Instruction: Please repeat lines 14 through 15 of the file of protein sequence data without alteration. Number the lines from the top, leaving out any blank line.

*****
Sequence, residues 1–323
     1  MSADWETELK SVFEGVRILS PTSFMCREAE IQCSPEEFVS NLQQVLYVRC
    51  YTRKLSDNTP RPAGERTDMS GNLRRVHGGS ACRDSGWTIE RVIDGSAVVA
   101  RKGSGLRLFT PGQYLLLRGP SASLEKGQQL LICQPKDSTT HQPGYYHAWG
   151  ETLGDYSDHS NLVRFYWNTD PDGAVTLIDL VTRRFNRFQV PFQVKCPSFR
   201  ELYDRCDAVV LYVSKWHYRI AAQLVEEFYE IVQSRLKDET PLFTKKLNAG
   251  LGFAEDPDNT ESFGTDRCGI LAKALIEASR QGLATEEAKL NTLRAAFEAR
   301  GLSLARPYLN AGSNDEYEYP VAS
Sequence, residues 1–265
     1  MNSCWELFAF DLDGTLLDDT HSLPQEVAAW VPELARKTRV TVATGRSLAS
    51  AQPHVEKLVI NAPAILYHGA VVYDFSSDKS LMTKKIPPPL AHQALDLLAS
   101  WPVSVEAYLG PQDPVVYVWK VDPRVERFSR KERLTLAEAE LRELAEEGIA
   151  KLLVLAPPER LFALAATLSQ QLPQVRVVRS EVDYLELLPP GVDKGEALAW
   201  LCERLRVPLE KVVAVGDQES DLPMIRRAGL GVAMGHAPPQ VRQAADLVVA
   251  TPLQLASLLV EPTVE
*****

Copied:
   201  LCERLRVPLE KVVAVGDQES DLPMIRRAGL GVAMGHAPPQ VRQAADLVVA
   251  TPLQLASLLV EPTVE